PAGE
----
Station: [18] Günther Bossert – Motorcycle Stunt Rider

“What are you planning to do, Günther?”

“A death-defying somersault on my motorbike!”

“How exactly?”

“Quite simply, Bernhard – on a tightrope!”

He was always odd and seen as something of maverick: Günther Bossert, a master mechanic who specialised in bicycles and motorbikes. But you could always expect him to surprise you.

As a hobbyist and tinkerer, he spent many hours in his workshop. There, he developed a tightrope act on his motorbike, an NSU Fox. But he also enjoyed staying earthbound and speeding through Eppingen with a camera fixed to the handlebars.

He scored his first success back in 1952. With his school friend Bernhard Filsinger as base mate, he performed a motorcycle somersault on a tightrope. But Günther Bossert aimed even higher! Just a year later, at a motor sport meeting in Flehingen, he caused a sensation with a stunning world first: a motorcycle flip with a base man.

But others won the laurels he’d earned.

Even in those days, the “Traber Troupe” of acrobats was famous. At an earlier meeting, the family of artistes had derided Günther Bossert as an amateur and dismissed his plan as impossible. But then, they had the nerve to copy his salto mortale and perform it in public. A month after the meeting, the Traber family presented the somersault stunt developed by Günther Bossert as their own world first on Germany’s highest mountain, the Zugspitze. The Trabers even broke the law by claiming to be the originators. Bossert protested. To avoid a court case, the troupe paid him a thousand marks in compensation.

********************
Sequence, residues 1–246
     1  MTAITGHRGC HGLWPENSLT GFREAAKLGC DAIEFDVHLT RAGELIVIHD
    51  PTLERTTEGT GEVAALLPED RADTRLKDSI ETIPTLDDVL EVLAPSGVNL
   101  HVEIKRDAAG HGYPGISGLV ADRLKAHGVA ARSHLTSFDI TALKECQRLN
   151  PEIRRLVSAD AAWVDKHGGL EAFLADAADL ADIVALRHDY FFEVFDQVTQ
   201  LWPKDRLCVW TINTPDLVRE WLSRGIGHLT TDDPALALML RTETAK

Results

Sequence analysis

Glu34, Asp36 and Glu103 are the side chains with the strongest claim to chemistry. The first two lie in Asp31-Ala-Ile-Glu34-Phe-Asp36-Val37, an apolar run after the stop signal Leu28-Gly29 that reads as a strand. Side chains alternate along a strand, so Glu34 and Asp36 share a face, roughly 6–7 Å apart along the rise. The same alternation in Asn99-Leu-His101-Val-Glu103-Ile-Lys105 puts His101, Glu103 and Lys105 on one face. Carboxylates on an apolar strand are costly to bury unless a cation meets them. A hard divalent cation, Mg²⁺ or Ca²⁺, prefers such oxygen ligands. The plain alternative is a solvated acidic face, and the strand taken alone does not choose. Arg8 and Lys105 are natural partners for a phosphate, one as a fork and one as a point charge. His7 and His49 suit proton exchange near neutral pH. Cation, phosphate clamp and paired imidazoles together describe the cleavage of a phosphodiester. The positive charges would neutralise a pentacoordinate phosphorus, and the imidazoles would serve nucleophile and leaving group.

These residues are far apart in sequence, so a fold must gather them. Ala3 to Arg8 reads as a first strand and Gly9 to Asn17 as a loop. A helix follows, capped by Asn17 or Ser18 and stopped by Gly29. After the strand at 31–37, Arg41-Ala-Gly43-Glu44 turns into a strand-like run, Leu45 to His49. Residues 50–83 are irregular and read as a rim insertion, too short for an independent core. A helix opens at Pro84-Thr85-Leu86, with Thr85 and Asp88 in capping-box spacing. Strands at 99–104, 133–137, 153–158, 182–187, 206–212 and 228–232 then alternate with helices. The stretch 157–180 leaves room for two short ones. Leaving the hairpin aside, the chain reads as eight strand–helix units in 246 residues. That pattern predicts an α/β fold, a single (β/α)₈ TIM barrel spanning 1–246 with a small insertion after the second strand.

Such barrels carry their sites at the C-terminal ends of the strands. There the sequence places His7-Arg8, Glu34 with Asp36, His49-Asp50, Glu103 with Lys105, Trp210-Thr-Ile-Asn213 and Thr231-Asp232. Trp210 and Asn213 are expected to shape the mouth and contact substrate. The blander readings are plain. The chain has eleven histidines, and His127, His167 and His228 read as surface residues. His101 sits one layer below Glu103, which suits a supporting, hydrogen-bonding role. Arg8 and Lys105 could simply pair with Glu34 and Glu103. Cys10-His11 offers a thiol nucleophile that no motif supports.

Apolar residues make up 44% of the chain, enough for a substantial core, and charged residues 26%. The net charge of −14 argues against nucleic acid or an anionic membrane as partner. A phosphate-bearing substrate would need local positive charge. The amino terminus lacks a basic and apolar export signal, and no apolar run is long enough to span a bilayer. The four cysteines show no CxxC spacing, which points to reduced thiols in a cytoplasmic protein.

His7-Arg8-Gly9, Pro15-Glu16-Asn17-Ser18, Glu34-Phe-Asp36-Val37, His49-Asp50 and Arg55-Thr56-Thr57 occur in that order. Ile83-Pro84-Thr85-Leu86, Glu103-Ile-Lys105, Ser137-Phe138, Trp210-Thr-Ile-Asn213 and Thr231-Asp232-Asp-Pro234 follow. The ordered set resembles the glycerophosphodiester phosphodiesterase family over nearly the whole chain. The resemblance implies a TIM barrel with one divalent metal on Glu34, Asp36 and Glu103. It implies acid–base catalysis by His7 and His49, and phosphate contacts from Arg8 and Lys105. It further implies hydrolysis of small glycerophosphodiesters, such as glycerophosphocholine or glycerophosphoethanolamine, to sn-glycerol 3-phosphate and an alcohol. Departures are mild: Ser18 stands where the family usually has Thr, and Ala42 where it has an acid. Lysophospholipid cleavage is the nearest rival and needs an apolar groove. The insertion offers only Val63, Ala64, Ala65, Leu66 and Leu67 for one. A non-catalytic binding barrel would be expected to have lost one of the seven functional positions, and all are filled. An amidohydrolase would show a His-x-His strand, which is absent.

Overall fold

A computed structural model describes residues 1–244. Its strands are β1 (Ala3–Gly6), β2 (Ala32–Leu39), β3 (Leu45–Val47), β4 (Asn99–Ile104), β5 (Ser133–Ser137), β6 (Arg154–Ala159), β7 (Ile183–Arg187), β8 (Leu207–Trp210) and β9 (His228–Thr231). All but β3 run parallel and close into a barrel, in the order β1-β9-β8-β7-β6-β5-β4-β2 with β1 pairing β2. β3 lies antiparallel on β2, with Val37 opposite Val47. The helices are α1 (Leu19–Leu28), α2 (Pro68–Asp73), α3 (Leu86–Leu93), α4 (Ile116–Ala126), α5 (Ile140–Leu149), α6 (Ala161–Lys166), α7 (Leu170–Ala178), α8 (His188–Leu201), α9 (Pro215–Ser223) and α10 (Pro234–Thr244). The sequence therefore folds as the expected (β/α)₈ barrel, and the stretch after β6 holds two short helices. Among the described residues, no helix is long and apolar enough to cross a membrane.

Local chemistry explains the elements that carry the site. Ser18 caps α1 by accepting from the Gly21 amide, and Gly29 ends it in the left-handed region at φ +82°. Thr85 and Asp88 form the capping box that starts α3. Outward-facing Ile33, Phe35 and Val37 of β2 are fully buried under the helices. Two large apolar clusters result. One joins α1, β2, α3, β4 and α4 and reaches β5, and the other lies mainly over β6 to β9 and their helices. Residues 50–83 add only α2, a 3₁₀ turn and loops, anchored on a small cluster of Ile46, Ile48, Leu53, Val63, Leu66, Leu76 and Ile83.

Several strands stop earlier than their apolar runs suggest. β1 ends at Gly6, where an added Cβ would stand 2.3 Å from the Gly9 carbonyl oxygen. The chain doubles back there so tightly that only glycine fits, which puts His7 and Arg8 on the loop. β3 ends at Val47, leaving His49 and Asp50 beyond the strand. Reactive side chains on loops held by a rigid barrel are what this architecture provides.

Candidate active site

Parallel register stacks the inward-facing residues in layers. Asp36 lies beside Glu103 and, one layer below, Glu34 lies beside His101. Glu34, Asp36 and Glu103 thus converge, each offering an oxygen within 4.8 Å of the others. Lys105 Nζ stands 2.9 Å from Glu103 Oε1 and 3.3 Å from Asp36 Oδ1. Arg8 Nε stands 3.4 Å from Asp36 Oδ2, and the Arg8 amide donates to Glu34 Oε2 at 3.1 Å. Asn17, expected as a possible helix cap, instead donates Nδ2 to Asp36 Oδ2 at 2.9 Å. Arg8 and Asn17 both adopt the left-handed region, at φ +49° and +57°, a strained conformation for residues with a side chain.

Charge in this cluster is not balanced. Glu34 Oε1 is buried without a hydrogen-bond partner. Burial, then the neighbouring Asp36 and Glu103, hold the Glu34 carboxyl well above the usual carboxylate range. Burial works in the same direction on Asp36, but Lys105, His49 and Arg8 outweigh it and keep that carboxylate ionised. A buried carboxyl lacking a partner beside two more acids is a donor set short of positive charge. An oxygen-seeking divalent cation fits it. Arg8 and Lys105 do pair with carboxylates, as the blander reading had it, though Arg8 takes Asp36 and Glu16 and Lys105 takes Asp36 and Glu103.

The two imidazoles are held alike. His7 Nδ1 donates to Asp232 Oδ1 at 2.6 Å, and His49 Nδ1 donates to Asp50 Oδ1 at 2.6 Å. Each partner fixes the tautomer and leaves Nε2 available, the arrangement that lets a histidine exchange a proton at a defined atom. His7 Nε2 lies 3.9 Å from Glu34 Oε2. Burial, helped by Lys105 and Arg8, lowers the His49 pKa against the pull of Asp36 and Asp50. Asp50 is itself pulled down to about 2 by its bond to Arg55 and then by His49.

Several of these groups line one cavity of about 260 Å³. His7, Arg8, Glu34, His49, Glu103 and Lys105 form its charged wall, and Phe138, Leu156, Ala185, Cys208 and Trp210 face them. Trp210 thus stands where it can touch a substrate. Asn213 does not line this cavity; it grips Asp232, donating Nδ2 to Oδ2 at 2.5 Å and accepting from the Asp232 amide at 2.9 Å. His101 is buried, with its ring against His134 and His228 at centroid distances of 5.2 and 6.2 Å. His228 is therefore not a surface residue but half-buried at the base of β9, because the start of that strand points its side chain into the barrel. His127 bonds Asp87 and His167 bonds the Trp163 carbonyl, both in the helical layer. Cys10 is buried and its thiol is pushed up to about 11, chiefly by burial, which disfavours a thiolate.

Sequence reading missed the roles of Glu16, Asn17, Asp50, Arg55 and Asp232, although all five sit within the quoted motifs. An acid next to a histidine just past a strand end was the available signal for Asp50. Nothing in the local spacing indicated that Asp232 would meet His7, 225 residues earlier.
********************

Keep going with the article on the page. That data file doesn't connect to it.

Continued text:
But the ingenious master mechanic did achieve belated recognition. In 1961, his “salto mortale without base man” was documented in a TV programme entitled “Global Sensation in a Small Town”. Günther Bossert became a star – but he never made a cent from his stunt.

The motto in his workshop was “If you have nothing to do, please don’t do it here”, in other words, “don’t keep me from my work”. But the amount of work coming in continued to dwindle.

Soon, Günther Bossert was forced to look outside his bicycle and sewing machine workshop and take on work as a projectionist at the cinema and as a driver for the Red Cross.

Quite incidentally, he fulfilled a childhood dream by setting up a “personally designed” Wild West village called Ponderosa on the outskirts of Eppingen. Lorne Greene, who had starred in the TV show “Bonanza”, even came to the opening. Bossert also regularly performed his motorcycle stunts in the village.

His house, an old timber-frame building from the 15th century, still stands in Kirchgasse. Bossert lived there until 1996.

Günther Bossert died in 2001, just a few days before his 74th birthday.

All depictions: © Stadt- und Fachwerkmuseum Eppingen